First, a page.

On Tuesday, October 21, I'll be partnering with marketing and communications expert Paul Woolmington to offer a special one-day program in Digital Storytelling Strategy. Co-sponsored by the Columbia University School of the Arts and the Columbia Business School, the full-day session is designed for business executives who need to know how to get their message across in a world in which the way we communicate is being totally redefined. Why is digital forcing a transformation in the way we tell stories? How can marketers, producers, and strategic planners leverage these changes rather than be left behind? That's what we'll be addressing.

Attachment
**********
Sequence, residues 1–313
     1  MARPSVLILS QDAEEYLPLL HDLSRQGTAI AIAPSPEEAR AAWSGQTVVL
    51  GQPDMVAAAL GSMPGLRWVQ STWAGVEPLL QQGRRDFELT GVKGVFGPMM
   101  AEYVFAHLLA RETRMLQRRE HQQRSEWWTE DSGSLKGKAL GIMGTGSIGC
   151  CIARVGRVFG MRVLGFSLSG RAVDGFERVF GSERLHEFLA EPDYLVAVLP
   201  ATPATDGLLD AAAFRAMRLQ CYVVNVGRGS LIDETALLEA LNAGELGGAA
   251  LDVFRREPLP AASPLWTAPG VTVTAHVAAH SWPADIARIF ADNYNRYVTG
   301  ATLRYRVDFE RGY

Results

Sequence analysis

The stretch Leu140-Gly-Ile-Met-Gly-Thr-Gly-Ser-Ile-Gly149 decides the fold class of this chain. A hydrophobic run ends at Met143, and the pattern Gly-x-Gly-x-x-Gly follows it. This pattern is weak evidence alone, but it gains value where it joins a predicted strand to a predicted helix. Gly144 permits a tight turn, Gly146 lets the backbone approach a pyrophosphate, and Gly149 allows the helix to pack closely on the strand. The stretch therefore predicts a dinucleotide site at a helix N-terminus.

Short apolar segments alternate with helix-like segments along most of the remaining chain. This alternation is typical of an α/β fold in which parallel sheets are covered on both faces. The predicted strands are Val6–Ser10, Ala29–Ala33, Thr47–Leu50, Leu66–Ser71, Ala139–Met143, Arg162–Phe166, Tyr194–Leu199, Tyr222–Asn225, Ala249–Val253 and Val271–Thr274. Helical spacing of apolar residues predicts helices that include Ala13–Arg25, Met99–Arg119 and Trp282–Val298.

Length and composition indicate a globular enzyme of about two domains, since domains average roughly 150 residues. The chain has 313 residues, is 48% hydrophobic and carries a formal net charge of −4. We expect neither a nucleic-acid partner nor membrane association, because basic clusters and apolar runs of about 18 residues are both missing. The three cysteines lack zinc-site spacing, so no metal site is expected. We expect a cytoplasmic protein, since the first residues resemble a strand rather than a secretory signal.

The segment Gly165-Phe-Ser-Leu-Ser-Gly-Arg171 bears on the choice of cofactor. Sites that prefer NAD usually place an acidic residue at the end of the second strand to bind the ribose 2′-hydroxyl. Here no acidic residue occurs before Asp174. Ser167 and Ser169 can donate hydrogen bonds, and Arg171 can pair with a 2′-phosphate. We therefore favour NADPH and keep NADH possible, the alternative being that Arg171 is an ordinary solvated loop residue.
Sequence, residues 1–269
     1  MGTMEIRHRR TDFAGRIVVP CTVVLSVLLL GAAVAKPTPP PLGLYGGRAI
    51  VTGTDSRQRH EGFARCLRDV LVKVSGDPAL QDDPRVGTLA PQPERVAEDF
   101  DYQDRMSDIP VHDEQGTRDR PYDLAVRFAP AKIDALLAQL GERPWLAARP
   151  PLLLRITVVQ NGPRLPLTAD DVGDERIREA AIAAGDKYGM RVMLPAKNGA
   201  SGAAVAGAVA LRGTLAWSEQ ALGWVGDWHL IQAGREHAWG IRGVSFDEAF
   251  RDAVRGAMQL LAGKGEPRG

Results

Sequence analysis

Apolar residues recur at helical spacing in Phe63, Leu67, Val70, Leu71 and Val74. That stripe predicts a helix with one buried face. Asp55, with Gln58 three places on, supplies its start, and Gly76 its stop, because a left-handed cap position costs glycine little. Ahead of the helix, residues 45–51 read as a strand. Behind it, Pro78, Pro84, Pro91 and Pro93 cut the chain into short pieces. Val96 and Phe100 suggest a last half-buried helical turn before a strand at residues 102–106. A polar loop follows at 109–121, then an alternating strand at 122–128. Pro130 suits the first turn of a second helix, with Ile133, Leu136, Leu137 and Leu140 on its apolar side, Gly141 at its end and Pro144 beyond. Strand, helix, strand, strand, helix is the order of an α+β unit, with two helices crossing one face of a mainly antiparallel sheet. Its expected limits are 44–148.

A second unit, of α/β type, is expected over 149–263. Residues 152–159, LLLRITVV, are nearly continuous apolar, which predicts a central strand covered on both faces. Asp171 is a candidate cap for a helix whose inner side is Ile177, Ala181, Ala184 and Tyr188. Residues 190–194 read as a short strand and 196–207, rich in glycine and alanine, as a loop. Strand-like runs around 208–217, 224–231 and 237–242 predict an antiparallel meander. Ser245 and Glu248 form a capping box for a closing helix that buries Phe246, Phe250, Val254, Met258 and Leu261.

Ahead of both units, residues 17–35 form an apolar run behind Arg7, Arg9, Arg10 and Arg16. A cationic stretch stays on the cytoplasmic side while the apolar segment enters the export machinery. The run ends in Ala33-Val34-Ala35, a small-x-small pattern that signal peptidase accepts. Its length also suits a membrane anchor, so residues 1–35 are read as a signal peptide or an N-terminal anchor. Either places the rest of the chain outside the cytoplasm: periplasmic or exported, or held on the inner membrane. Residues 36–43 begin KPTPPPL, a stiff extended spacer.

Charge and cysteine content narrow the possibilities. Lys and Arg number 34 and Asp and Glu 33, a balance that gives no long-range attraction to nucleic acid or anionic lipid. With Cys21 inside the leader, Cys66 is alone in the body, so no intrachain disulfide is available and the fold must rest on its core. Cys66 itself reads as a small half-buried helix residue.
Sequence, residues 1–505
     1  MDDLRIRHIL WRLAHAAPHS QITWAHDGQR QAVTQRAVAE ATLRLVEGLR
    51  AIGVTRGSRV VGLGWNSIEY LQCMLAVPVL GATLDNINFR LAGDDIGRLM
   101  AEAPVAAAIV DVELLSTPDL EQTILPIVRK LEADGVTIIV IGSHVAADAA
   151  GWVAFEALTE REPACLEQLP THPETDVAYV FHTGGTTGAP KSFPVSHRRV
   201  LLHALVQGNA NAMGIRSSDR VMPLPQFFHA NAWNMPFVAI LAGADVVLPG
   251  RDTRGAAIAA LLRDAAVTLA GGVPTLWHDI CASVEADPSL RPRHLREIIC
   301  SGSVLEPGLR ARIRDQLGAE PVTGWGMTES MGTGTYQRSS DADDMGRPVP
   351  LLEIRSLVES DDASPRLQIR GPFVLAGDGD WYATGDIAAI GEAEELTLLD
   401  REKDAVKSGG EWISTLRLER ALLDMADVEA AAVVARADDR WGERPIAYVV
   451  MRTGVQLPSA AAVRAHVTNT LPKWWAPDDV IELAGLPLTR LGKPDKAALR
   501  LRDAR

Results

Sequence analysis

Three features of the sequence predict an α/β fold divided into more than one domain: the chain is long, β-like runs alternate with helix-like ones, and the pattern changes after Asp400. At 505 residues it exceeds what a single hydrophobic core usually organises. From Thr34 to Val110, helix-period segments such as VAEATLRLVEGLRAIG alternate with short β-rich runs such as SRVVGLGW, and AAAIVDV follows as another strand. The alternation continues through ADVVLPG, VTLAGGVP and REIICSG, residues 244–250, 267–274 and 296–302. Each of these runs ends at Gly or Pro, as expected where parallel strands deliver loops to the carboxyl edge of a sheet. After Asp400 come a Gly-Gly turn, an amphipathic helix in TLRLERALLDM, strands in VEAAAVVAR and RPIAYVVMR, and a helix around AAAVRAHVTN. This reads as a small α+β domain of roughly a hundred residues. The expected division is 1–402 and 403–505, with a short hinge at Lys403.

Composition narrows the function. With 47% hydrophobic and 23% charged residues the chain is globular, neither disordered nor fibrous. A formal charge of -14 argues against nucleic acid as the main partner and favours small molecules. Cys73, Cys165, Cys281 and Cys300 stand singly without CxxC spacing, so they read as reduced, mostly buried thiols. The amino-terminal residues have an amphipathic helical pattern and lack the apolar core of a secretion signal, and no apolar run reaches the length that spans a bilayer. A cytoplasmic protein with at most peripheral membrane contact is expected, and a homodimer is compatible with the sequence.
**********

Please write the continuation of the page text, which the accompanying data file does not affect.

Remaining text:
The Art of Immersion, the book I published in 2011, but we plan to go considerably further than that. The book was largely anecdotal—a series of stories from movie directors, television producers, game developers and others that sought to describe what I saw as a newly emerging grammar of storytelling for the digital age. Over the past year or so I've been working to develop a much more systematic approach—one that not only reports how narrative is evolving and gives it historical context but explains how we can put it to use. Grammars have rules—so what are the rules we'll use when telling stories in the 21st century? Well, to a large extent they're still being made up. But that's what I'm working on today. Obviously much of this was inspired by